You can now follow me on Twitch, an online community for live game streaming. Watch me play World of Warcraft, Star Trek Online, and a slew of other games! I have my webcam and microphone on the ready, and I’d love to chat with my fellow geeky gamers. I’ll even invite some of you to play along.
I plan to stream regularly on Thursday and Sunday evenings, around 9 p.m. EST. I’ll also be streaming intermittently in between, so “favorite” my channel on Twitch for updates on when I go live. Just click on the image below to visit the channel!
I’m currently working on some reviews for The Geeky Gimp. I’m not exact on scheduling, but you can expect these in the next few months:
Comics: Batman Chronicles #5 – Oracle Year One, Batgirl Annual #2 (Did you know I love Batgirl? Because I love Batgirl)
Tabletop Gaming: Ticket to Ride 10th Anniversary Edition, Splendor, Dungeon Roll
Video Gaming: Sherlock Holmes: Murder at Diogenes Club, Tomb Raider
TV: The X-Files “All Souls”
Movie: The Amazing Spider-Man
As always, comments, questions, and suggestions are welcome! Thanks for reading – I really appreciate all of the feedback I’ve received so far.
Inamorata is a short film about women’s rights and sexuality in the 1960s. It’s being made by director Dominick Evans, who identifies as disabled. This is an important film, and is currently being funded on Indiegogo. You can check out the campaign by clicking here, or at the end of this interview. Since this movie is one I think needs to be made, I wanted to support the project as much as possible. It’s crucial that we include marginalized voices in the media we digest, and Dominick is striving to promote that through his work. I got a chance to speak to him about directing, education, films, and the ableism he has faced in his career.
Hi, Dominick. Can you tell us a little about yourself, and how you got involved in film-making?
I’m 33 years old and was born and raised in Toledo, OH. I actually grew up in a little town outside of Toledo city limits called Walbridge. It was so small I used to cruise around in my wheelchair, and could get from one side of town to the other in about 15 minutes. At 4 I was diagnosed with Spinal Muscular Atrophy Type III. I walked until I was 16, but started using a scooter when I was 11, due to inability to walk long distances. I am the baby of my family. I have two, much older, half brothers, and one full-blooded brother. I’m Polish on my dad’s side and have a rich Polish heritage I have enjoyed discovering as I have gotten older. My maternal side is mostly British and Irish. I was very close to my Irish grandfather, Willie, who died last year, at 94. Other than my dad, who died when I was 20, Willie was my biggest fan. He always encouraged me to follow my dreams no matter what anyone else said about me. I currently live in Dayton, OH with my girlfriend of almost 12 years, Ashtyn, our teenage son, and our adorable shih tzu, Molly. Ash is from Michigan and we lived up there until I decided to return to Ohio to go to film school down in Dayton. … Read more…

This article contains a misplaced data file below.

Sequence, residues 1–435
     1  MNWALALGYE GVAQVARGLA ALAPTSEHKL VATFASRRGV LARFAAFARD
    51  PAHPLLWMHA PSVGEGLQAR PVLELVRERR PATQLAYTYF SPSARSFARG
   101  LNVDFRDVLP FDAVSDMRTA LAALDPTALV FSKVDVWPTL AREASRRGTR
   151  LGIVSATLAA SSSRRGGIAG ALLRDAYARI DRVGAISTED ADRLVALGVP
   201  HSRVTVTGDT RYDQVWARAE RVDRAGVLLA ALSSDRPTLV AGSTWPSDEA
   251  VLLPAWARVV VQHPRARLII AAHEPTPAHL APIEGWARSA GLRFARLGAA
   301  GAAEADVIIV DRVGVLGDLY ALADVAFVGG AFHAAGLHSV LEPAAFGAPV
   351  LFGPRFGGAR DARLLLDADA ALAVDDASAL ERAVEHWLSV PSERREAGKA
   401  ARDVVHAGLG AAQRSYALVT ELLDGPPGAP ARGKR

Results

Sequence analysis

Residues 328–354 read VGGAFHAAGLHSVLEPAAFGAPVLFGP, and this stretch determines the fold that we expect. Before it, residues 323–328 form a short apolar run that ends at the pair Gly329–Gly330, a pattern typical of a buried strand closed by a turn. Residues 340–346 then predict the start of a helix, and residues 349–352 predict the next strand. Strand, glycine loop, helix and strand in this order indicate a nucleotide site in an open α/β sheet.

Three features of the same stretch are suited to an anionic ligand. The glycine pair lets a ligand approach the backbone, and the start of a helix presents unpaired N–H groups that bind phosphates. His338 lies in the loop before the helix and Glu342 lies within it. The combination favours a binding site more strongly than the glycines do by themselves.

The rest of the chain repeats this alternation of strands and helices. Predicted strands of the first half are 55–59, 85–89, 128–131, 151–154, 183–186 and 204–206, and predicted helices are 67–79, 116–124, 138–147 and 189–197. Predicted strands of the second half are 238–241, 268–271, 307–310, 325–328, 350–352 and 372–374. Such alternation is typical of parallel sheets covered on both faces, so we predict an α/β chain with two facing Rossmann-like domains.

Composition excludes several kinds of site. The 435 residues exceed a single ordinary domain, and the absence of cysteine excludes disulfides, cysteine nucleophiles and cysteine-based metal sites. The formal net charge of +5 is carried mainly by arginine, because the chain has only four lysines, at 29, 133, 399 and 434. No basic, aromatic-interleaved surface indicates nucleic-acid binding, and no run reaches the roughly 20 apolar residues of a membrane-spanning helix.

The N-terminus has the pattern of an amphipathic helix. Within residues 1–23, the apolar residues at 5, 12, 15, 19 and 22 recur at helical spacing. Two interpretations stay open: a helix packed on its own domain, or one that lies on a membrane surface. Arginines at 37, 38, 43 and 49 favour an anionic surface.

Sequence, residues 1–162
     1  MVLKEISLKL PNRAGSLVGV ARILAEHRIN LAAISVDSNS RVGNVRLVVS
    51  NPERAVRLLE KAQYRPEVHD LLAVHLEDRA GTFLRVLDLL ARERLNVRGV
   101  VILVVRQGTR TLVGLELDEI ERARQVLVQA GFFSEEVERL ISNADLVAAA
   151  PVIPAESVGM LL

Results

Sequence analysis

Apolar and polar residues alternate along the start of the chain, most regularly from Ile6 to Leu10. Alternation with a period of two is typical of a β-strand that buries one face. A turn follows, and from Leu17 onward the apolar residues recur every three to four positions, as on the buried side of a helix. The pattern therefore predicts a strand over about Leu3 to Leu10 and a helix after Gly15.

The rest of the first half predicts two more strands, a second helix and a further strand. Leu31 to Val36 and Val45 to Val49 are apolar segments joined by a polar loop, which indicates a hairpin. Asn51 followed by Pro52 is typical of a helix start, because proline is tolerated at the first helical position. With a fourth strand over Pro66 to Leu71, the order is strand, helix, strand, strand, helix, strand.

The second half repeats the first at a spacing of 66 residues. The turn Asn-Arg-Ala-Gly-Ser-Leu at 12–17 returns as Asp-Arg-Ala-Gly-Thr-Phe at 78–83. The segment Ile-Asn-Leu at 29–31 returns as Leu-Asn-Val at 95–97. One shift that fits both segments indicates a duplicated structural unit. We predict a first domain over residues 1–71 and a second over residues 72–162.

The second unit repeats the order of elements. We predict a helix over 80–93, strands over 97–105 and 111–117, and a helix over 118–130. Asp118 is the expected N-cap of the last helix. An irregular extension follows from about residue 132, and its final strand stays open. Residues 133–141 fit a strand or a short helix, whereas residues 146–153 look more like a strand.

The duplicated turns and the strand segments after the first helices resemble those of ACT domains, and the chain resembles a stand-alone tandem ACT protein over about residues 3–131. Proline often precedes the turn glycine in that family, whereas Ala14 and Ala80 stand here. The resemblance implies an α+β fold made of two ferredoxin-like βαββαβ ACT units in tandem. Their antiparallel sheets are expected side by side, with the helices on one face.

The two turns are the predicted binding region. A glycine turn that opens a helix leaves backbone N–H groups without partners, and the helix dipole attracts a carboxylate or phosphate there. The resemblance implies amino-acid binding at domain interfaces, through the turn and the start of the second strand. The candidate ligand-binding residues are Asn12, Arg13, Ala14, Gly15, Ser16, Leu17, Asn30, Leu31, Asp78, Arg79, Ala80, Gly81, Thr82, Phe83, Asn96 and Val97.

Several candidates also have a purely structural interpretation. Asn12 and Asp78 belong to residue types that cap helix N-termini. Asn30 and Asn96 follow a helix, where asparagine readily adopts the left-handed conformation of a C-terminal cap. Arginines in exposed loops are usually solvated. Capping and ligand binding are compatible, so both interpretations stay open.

During one of my daily BoardGameGeek website visits, I came across Paperback, a game by designer Tim Fowers. It was only on Kickstarter, with a few people receiving and playing prototypes. Advertised as a Scrabble-like deck builder, I knew I had to back it. I’ve been playing Scrabble with my family since I was a kid, and I figured this was something I could enjoy with my parents. About six months after the Kickstarter, I received Paperback in the mail. I had completely forgotten that I’d ordered it, so talk about a pleasant surprise! I managed to play two games of it since then, and you can read my thoughts in this review. Currently, the only way to buy this game is to find it on auctions, or pre-order the second printing. You can order it here (click me!), and I strongly encourage it if it seems like something you’d enjoy. Once pre-orders reach 500, the printing will proceed, and you will not be charged until that goal is reached. But I have no doubt it will happen.
Also, this is a special review because I am co-hosting/co-reviewing with Mr. Richard Ham of Rahdo Runs Through! I’m a huge fan of his videos, and I can’t believe I am getting the opportunity to collaborate with him. Thanks to Richard, my wallet has suffered from buying the games he features on his channel. I can’t say I mind, though my mom is a bit annoyed at the stacks of board games taking over the house. C’est la vie! There is a great interview at the end of this review, and once Richard posts his video and final thoughts, I will include them in this post. [Edit: the videos are now below!] Meanwhile, check out his run throughs on YouTube by clicking the link in this paragraph.
This review also will be different because I am trying out a slightly new format. Let me know which you like better in the comments – just check past tabletop reviews for comparison. I’m always trying to improve, so feel free to give constructive criticism 🙂 Now, on to the review! As always, click on the images to enlarge them.
Designer: Tim Fowers
Artist: Ryan Goldsberry
Publish Date: 2014
Players: 2 to 5 gamers, ages 8 and up
You’ll like this if you like: Scrabble, Dominion, Boggle … Read more…